Waveney MP says tax avoidance scheme users believed ‘everything was above board’
- Credit: UK Parliament
Waveney MP Peter Aldous has spoken out about the devastating impact a charge on those who used loan-based avoidance schemes to pay tax has had.
A number of suicides have been linked to the charge, and there are worries it could lead to mass bankruptcies.
And in the House of Commons on Thursday the government was accused of a 'whitewash' in its handling of the charge after refusing calls to pause repayments or hold an inquiry into the issue.
Treasury minister Mel Stride also angered MPs when he said most people would have concluded after looking at the schemes 'they probably were too good to be true'.
The schemes, which date back to the early 2000s, meant self-employed people could receive wages into an offshore trust and then loan the money back, avoiding tax payments.
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When the law changed in 2016 up to 50,000 faced huge bills, but those affected have said they were recommended to the schemes by their own employers, only to find years later it was not legal.
Mr Aldous, Tory MP for Waveney, said: 'My constituents who have been badly affected by the loan charge are not wealthy people, and they were doing only what their advisers and employers encouraged and perhaps even coerced them to do.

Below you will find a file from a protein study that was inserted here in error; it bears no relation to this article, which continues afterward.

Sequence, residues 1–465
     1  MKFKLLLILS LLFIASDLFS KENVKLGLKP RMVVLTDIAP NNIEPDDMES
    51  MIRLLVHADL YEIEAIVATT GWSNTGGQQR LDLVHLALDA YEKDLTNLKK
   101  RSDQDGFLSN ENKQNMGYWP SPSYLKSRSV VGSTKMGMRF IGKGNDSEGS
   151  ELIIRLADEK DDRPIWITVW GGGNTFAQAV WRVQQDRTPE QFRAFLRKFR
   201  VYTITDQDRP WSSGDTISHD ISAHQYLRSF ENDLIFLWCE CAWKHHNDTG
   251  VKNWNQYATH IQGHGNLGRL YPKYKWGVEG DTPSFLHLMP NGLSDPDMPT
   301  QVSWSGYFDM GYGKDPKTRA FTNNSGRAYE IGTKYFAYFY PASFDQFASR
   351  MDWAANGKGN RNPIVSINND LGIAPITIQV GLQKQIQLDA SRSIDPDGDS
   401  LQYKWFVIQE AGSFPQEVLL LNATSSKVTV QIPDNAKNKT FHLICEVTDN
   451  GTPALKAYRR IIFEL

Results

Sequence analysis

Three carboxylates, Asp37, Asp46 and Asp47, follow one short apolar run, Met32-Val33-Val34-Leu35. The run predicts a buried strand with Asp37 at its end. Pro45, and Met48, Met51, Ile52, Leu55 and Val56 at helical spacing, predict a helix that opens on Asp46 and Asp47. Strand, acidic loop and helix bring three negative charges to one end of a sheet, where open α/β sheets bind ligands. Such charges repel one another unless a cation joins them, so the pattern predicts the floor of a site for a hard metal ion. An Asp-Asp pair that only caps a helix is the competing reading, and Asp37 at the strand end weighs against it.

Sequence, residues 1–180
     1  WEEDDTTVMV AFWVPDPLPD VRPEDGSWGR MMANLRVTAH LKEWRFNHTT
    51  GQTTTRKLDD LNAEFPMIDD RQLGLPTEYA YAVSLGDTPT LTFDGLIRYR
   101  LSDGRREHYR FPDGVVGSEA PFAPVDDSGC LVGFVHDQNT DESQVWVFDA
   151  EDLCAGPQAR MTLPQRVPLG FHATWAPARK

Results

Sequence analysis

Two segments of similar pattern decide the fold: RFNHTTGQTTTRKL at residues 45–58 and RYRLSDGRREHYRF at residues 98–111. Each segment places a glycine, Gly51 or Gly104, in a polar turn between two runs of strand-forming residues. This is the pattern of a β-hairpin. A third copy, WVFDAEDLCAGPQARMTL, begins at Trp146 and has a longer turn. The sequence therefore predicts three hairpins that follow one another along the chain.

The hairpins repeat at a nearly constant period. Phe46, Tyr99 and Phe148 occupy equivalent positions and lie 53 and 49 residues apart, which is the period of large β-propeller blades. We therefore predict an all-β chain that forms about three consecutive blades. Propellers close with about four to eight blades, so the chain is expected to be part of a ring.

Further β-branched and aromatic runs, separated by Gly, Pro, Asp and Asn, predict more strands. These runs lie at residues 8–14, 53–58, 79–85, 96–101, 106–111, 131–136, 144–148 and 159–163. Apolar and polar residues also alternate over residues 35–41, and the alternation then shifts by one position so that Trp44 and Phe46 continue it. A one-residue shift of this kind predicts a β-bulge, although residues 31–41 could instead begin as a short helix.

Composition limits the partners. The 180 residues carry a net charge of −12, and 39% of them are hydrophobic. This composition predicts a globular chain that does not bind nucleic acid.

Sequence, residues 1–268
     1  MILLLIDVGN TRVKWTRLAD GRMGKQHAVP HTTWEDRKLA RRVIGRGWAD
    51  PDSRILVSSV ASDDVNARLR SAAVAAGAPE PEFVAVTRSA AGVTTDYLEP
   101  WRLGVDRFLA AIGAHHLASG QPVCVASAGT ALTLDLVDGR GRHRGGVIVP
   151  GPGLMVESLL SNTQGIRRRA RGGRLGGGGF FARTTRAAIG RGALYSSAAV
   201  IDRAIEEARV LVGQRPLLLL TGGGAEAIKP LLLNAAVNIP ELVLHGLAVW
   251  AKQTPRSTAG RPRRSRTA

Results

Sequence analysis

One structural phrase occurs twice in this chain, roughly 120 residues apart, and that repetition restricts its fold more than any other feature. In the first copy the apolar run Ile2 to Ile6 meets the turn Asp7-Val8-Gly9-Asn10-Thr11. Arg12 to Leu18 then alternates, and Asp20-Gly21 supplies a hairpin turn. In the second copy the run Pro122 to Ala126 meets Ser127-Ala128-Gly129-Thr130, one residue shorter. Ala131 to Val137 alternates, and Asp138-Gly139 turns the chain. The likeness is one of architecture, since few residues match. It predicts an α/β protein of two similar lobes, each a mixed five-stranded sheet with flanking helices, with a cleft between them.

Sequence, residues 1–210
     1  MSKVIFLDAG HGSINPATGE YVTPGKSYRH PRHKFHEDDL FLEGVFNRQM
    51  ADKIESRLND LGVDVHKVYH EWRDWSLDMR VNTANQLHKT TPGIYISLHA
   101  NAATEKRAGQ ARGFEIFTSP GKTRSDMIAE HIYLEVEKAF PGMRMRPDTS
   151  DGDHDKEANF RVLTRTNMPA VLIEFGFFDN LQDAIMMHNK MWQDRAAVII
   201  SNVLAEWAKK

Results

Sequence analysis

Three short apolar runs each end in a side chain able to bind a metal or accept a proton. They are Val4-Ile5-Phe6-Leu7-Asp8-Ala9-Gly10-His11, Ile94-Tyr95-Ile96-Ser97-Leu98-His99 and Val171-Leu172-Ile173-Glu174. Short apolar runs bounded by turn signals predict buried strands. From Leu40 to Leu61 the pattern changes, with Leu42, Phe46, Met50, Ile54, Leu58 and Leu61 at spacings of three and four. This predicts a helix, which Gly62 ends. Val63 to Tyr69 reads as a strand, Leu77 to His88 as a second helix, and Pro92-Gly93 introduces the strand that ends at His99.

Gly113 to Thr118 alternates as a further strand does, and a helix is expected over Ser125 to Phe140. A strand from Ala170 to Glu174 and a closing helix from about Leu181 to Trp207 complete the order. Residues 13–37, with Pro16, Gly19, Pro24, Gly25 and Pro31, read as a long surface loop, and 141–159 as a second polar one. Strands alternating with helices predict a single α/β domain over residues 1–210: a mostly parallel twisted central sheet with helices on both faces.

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'They had no reason to doubt the validity of the advice they received, and they were led to believe that everything was above board and within the law. They are now being asked to pay tax for periods a long time ago, when their financial circumstances were very different and for which they thought the slate had been wiped clean, which is imposing very worrying burdens.'
He said the IT and North Sea gas and oil sectors were particularly affected, and he also said it was 'both wrong and inherently unjust' that HMRC would pursue individuals but not the organisations behind the schemes.
Sir Henry Bellingham, Conservative for North West Norfolk, added it was 'one the great iniquities [...] that HMRC knew what was going on but did not actually do anything about it with expedition and decisiveness at the time.'
Mr Stride said the tax office will not bankrupt anyone over the loan charge, nor will anybody 'lose their primary residence as a result of settling their loan charge liability'.
And he said the government was working both to crack down on those who promote these schemes, as well as provide further support to vulnerable people involved in them, saying there is a new HMRC phone line solely for loan charge customers.
He concluded: 'I appreciate that facing any tax bill is unwelcome but it is only right to deal with disguised remuneration.
'Where we fail to do so then we are effectively saying to the 99.8pc of other taxpayers who have not been involved in these schemes that we want them to pay more.'
But as he sat down one Conservative could be heard shouting: 'Sounds like a whitewash.'